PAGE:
Five explosions hit government-controlled areas and a city held by a Kurdish militia in Syria on Monday morning, killing several people, state media and a monitor said.
It was not immediately clear if there was any link between the blasts reported along a road outside Damascus, in the state-held cities of Homs and Tartous – which hosts a Russian military base – and in northeastern city of Hasaka, which is controlled by Kurdish YPG fighters.
No group claimed responsibility for the attacks which all took place between 8 a.m. and 9 a.m. local time (0500-0600 GMT).
More than five years of civil war have cut Syria into a patchwork of territories held by the state and an array of armed factions – including Islamic State which attacked the Mediterranean city of Tartous in May.
Two explosions hit the Arzouna bridge area at the entrance to Tartous on Monday, the Syrian Observatory for Human Rights and state news agency SANA said.
The Observatory put the death toll at 32, including members of the Syrian military, and said the number was likely to rise. The head of a Tartous hospital told SANA 35 people were killed and 45 wounded.
Syrian state television said the first explosion was a car bomb and the second was a suicide belt detonated as rescue workers came to the scene of the first incident.
The blasts hit during Tartous’s Summer Festival. Its beaches recently featured in a government tourism video circulated on social media inviting people to visit Syria’s Mediterranean coastline.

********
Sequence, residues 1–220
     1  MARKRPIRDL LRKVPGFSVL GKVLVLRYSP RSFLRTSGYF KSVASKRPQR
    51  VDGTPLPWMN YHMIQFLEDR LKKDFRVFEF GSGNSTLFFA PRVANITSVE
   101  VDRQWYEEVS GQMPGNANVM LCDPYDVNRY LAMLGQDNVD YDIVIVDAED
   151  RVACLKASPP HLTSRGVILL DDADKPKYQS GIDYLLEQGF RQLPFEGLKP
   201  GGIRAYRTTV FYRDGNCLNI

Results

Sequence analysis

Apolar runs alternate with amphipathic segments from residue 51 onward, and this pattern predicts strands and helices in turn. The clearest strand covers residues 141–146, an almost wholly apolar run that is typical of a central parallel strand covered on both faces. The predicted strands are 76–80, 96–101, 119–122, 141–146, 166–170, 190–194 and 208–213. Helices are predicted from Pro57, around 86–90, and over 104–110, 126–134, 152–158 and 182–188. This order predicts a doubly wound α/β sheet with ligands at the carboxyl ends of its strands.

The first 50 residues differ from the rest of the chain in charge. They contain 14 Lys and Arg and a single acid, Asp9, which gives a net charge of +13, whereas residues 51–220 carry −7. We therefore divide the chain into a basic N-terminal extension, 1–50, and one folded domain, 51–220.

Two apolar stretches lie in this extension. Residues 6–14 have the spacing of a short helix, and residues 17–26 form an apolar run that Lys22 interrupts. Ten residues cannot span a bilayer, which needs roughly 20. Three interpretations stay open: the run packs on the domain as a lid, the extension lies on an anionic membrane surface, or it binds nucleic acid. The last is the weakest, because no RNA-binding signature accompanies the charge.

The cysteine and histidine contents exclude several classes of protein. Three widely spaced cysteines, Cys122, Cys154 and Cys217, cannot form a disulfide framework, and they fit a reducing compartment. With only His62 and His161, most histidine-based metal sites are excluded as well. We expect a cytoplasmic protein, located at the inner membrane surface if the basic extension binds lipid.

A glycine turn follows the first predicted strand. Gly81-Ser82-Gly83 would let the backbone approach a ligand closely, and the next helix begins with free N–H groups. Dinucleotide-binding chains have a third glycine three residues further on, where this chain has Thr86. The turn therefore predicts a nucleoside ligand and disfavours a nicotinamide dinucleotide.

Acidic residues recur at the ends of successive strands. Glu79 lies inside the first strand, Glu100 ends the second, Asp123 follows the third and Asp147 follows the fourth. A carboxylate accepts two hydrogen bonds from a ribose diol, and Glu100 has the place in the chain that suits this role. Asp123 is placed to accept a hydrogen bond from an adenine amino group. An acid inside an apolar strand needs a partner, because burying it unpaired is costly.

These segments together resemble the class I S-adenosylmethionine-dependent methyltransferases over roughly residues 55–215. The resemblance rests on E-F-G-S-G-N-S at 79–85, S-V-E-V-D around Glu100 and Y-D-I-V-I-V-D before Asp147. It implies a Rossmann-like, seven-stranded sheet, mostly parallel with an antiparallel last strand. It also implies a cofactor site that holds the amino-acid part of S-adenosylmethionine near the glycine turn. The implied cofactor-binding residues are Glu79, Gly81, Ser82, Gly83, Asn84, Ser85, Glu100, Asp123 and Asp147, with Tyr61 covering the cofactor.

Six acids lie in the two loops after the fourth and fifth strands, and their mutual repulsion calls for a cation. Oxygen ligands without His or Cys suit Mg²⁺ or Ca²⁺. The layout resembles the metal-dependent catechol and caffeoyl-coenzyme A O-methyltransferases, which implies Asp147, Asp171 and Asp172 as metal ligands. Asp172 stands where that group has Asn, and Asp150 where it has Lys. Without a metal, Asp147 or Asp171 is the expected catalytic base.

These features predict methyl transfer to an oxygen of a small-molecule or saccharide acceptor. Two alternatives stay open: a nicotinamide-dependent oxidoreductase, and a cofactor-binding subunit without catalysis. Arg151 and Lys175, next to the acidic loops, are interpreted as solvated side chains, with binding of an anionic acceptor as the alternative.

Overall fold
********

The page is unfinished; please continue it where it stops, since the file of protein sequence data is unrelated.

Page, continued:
A car bomb struck the city of Homs at the Bab Tadmur roundabout at the entrance to the al-Zahra neighbourhood, killing three people, state media said.
The Observatory said the Homs explosion hit an army checkpoint and two officers were killed.
There was an explosion near the town of al Saboura, along a road which leads onto the Beirut-Damascus highway, killing one person and injuring three, according to a police commander quoted on state television.
A motorbike also exploded in the centre of the northeastern city of Hasaka, which is controlled by the Kurdish YPG militia.
The Observatory said the blast killed three members of the YPG-affiliated security force known as the Asayish, and injured others.
The Kurdish YPG militia, a critical part of the U.S.-backed campaign against Islamic State, took near complete control of Hasaka city in late August after a week of fighting with the government. [nL8N1B41PP]
The YPG already controls swathes of northern Syria where Kurdish groups have established de facto autonomy since the start of the Syrian war in 2011.